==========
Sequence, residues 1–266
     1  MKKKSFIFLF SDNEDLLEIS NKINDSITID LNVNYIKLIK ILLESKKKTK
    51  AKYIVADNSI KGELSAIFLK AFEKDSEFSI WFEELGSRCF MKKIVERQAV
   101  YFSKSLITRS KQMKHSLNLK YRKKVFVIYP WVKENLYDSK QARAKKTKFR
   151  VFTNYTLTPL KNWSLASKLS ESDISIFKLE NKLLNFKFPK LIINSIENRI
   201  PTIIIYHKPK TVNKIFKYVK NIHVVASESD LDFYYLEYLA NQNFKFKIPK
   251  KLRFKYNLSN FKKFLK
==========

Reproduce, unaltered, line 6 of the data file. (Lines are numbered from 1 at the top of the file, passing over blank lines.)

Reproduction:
   201  PTIIIYHKPK TVNKIFKYVK NIHVVASESD LDFYYLEYLA NQNFKFKIPK